I allways thought drama was a far better way to show the effects of erosion of liberties than an array of talkingg heads either on TV or in print.
    maybe those pinko screen writers in Hollywood have another agenda

  13. Isaac:
    The only other cop show I’ve ever watched is “Reno 911,” so I’ll just take your word as to the other cop-dramas out there. When I taught English and attempted to teach “Fahrenheit 451” I had a lot of students just like Darrell’s classmates, believing that free speech should only be allowed if it doesn’t hurt anybody’s feelings.

    The thing that makes me so depressed about the future isn’t that the government is capable of creating a police state–that’s been true for over a century now. What’s disturbing is what has already been pointed out here–that so many people would welcome it.

    I remember back in college, a decade ago, when some classmate asked me if I liked Howard Stern. I said no, I found him extremely offensive. So she smiled, and handed me a petition trying to get him taken off the local radio station, and when I refused to sign she gave me the same look I’d give someone who didn’t want to outlaw slavery. I said something about free speech and how easy it was for me to change the radio station whenever Stern came on, and she replied: “Free speech is one thing, but he DOESN’T RESPECT WOMEN!”

    And her kids probably grew up to be my students. Well, not quite old enough for that.

  14. Uh guys, as folks pointed out to a Vice President once, with some glee I might add, “IT’S ONLY A TV SHOW.”

  15. Joe L.-
    Yes, but it’s still disturbing to see civil rights vilified in popular culture.

  16. Glad to see that I’m not the only one who found those episodes highly disturbing. Both the scenes Jacob describes made my skin crawl (and, FWIW, I agree with his description and his assessment of how the audience was intended to react to these actions). Somehow, though, I doubt that there is any irony or surprise denouement intended–unless the writers are way more sophisticated than they have shown so far.

  17. is that really a tv show? lol — who directs? leni reifenstahl?

    one more reason never to watch anything but baseball. (until they start televising triple-x and gladiators, of course.)

  18. Actually I don’t have a problem with this in the Sci-Fi realm where disbelief is suspended and as Jacob points out there may be a message. Nor do I have a problem with the cautionary tale about corrupt or jaded formerly idealistic cops. But NYPD Blue is supposed to be in “real” America and Dennis Franz is supposed to be one of the *good guys*. I’ve never watched it but if I had I would have been rooting for the colon cancer.

    Oh, and sorry thoreau but “24” just plain sucks. : )

  19. “24 has already gone WAY beyond enemy combatant status. At last count Agent Bauer, President Palmer, and their allies have….”

    Isn’t 24 supposed to take place over a span of one hour per episode, one day per season? How in the world did they manage to do all that stuff (listed in thoreau’s 8/3, 1:23 PM post) in just a few days?
    I was willing to believe that the Greatest American Hero found a cape that allowed him to fly and see through solid objects, but this is just too much.

  20. Isn’t 24 supposed to take place over a span of one hour per episode, one day per season? How in the world did they manage to do all that stuff (listed in thoreau’s 8/3, 1:23 PM post) in just a few days?

    For instance, in season 2 they found out there was a nuke in Los Angeles. And this militia group was in some way tied to the nuke. They couldn’t find the leader of the group, but they had a former member of the group in custody. (He didn’t know where to find the boss either. Oh, and in addition to being in a militia he had been indicted for child pornography, kidnapping a minor, and 1st degree murder.) So Jack cut his head off, then went undercover to some of the henchmen in this group and said “Hey, I killed this guy who ratted on you guys! Can I see your boss?” And they say “Well, you have to help us blow up this federal building first.” So they blow up the federal building where the Counter-Terrorist Unit (CTU) was headquartered. (The guys behind the nuke paid the militia to blow it up so that CTU wouldn’t be able to stop the nuke.)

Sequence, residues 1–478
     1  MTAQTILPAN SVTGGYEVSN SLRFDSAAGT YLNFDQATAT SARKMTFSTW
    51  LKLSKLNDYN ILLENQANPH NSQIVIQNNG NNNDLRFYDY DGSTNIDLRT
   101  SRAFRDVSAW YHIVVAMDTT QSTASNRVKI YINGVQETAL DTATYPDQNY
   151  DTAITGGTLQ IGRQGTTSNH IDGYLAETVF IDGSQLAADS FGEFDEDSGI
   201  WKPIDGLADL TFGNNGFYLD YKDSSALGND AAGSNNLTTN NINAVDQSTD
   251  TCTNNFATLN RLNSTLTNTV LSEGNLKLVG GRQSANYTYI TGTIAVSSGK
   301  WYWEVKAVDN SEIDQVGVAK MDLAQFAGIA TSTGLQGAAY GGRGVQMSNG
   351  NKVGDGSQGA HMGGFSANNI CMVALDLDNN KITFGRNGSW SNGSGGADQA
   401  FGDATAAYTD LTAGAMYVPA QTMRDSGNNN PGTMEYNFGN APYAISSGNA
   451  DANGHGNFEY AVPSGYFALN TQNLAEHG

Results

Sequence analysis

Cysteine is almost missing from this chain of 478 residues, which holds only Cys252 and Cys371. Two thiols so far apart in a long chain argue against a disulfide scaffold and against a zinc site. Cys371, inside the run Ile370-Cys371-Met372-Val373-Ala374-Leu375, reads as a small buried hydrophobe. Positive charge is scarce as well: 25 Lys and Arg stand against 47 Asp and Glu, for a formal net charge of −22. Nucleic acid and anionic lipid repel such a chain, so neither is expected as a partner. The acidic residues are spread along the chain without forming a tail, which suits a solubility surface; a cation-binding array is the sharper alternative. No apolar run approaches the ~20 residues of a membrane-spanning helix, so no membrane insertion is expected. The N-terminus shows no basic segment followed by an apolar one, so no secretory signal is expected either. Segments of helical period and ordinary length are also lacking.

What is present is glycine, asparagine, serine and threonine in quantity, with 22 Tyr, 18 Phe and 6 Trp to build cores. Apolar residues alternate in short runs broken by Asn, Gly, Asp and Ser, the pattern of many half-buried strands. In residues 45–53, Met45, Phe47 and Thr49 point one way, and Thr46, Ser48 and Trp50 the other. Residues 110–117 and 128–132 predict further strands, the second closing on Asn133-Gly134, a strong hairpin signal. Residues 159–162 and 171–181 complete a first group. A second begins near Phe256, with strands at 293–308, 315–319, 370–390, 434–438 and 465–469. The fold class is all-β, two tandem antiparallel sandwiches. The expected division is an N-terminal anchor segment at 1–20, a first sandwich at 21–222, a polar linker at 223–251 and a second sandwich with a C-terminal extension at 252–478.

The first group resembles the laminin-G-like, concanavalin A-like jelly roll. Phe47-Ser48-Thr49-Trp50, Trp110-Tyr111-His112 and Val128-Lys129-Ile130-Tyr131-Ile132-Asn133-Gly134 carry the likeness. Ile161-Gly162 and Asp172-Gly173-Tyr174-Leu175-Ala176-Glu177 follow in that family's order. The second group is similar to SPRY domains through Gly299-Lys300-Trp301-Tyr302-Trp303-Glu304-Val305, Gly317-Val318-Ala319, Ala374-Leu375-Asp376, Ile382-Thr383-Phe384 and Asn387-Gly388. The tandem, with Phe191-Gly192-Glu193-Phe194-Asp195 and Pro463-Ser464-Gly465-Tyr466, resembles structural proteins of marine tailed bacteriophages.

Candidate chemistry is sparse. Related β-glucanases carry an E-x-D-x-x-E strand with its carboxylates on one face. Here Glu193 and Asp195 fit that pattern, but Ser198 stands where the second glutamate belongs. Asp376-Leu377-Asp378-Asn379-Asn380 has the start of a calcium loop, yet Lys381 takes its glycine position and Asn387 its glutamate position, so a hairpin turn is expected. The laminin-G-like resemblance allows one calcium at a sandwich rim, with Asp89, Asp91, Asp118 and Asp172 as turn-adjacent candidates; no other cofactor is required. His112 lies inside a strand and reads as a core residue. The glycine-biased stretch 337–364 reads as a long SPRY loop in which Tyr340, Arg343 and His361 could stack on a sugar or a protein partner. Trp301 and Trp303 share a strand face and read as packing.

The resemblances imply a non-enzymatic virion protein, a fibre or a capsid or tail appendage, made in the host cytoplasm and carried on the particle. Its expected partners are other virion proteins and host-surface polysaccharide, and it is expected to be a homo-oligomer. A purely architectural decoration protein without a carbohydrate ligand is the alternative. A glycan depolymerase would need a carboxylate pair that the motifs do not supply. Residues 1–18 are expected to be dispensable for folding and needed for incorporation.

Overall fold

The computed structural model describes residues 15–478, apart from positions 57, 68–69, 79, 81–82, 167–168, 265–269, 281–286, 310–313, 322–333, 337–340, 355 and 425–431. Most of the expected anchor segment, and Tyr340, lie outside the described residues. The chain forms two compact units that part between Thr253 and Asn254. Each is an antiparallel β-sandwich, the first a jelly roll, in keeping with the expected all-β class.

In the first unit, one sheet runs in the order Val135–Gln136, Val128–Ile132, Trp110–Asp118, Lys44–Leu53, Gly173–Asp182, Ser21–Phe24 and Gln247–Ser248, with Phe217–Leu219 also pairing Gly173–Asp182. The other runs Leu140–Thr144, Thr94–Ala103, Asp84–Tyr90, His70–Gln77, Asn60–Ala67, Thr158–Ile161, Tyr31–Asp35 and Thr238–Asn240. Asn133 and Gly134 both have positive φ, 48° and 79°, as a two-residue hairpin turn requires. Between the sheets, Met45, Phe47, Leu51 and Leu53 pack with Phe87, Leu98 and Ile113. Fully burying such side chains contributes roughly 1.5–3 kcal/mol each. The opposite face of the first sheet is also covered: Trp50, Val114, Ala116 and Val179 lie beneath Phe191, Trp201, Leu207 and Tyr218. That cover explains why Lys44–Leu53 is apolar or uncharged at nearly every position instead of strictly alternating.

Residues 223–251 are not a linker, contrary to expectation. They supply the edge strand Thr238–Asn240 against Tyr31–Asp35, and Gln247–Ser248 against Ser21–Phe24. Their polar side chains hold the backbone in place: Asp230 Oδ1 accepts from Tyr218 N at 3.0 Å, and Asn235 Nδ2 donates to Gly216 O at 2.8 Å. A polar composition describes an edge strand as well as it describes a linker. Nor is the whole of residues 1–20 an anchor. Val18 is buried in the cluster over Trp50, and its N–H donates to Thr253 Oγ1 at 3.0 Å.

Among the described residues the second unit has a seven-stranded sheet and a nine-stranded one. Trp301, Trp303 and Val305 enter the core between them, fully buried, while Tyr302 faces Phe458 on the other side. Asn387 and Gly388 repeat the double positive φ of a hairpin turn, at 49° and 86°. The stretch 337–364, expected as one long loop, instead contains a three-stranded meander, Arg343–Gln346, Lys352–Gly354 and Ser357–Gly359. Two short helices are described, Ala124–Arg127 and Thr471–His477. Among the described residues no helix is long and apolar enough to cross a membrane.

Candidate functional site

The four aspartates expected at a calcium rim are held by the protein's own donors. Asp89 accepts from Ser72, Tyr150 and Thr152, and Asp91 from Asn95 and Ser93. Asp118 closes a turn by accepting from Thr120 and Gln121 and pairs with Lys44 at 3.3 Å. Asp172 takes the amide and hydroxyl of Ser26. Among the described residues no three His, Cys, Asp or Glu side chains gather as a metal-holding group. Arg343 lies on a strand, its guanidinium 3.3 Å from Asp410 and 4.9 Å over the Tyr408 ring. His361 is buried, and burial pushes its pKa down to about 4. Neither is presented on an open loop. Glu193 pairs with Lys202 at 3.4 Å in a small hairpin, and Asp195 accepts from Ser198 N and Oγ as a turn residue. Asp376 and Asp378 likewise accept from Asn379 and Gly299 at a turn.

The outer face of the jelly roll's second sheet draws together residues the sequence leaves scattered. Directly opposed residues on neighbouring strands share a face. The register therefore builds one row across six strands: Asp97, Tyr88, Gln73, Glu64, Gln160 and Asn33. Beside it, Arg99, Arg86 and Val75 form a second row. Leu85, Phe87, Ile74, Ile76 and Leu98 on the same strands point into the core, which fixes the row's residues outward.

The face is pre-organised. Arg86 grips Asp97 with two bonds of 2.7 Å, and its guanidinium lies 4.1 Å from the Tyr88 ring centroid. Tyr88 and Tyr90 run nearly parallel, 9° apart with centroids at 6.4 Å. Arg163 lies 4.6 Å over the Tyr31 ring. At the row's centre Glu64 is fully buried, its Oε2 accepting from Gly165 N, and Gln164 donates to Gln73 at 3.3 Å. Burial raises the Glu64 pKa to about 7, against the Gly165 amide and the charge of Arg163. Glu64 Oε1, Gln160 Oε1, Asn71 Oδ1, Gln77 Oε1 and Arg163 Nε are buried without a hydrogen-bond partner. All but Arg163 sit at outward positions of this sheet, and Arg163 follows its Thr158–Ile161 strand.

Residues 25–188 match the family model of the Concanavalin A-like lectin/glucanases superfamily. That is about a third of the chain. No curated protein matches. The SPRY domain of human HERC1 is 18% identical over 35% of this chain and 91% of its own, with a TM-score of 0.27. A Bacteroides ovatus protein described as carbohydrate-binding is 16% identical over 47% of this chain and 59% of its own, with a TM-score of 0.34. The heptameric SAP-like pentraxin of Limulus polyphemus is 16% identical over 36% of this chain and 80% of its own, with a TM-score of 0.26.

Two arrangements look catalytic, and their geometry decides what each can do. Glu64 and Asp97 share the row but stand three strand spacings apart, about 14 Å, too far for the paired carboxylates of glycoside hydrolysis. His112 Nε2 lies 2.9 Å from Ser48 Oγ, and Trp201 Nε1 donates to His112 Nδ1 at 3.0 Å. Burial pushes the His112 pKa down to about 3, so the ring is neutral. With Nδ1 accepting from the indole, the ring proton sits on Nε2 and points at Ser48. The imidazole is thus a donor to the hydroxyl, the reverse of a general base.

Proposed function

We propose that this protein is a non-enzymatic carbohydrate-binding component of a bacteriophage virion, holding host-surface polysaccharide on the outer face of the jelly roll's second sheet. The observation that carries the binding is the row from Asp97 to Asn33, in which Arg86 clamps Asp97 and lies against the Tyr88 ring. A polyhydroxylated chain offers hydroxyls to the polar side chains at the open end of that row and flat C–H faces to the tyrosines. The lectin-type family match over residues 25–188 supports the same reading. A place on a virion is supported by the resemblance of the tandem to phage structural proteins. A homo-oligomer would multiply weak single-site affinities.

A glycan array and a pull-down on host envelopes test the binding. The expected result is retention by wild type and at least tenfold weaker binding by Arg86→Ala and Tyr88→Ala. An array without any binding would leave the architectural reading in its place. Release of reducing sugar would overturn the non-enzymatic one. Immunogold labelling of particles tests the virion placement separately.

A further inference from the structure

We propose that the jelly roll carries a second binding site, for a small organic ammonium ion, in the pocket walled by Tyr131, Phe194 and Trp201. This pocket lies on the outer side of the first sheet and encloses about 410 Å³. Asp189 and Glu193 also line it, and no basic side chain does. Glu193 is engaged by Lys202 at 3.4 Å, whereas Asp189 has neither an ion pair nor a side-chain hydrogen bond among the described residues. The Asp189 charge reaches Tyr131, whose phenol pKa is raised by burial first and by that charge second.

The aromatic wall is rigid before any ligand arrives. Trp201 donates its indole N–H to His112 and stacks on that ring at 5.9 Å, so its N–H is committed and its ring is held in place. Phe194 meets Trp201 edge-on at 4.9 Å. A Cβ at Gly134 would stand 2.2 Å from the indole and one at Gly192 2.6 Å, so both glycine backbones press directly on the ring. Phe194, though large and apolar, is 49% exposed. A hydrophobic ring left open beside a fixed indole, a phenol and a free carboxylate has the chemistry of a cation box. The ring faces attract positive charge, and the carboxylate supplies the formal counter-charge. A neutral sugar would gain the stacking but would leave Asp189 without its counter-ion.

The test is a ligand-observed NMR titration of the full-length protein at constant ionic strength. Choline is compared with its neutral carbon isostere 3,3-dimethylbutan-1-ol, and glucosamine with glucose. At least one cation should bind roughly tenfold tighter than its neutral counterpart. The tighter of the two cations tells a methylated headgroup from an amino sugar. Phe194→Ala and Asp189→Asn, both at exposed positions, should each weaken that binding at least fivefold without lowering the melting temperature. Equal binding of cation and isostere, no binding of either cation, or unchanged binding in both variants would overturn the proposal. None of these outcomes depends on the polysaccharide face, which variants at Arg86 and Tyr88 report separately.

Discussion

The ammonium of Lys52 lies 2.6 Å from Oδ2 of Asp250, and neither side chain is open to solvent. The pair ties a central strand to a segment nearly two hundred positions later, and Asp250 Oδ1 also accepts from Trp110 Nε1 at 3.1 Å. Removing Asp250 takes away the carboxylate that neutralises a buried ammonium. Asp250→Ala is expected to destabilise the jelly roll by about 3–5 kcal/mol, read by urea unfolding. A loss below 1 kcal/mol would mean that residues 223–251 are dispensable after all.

Meanwhile President Palmer has a journalist arrested for knowing too much.

    Anyway, after blowing up the federal building with the militia men, he makes contact with their boss. He kills the militia men (they opened fire first, of course) and then interrogates the boss. The boss leads him to someone else, who leads him to someone else, who leads him to the head terrorist. The head terrorist thinks he’s getting 72 virgins in exchange for nuking LA, so the only way to change his mind is to have his children kidnapped and threaten to kill them. So the head terrorist cracks. Oh, and along the way another agent got in Jack’s way, so he slipped him a sleeping pill in his bottled water.

    Meanwhile, President Palmer finds out that the head of NSA is helping the terrorists. So Palmer has the guy tortured to find out where the nuke is.

    That’s 12 hours into it.

    So you can see how all these actions can fit together in a plausible, air-tight plot 😉

  21. Probably too late for anyone to see this comment, but I think the caveat to the statement above, that most people would be happy in a police state, is that it would have to be THEIR police state, where they make the rules, and their ‘hypocrisy’ is ignored. Actually, I find this phenomenon is the largest problem people have with accepting libertarian ideas. They understand the “Live” part, but not the “and let live” continuation.

  22. Yes, but it’s still disturbing to see civil rights vilified in popular culture.

    exactly — you ignore art (such as it is) at your peril. it is frequently the window to decoding a society.

    most people would be happy in a police state, is that it would have to be THEIR police state, where they make the rules, and their ‘hypocrisy’ is ignored. Actually, I find this phenomenon is the largest problem people have with accepting libertarian ideas. They understand the “Live” part, but not the “and let live” continuation.

    very true. again, when a society has gone over to plebiscitarianism, when the will of the people is an unquestionable virtue, what limitation can be put on its authority? and, as has been shown time and again, 80% or more of the people believe their views are in the mainstream majority — when they fight opposition, they are always fighting a willfully-obstructive, counterproductive minority.

    when Right, Progress and Freedom are undoubtably being held up by some weird splinter group, who wouldn’t agree that the opposition should be tossed aside? and so you get everyone clamoring for some personalized variation of “zero tolerance”.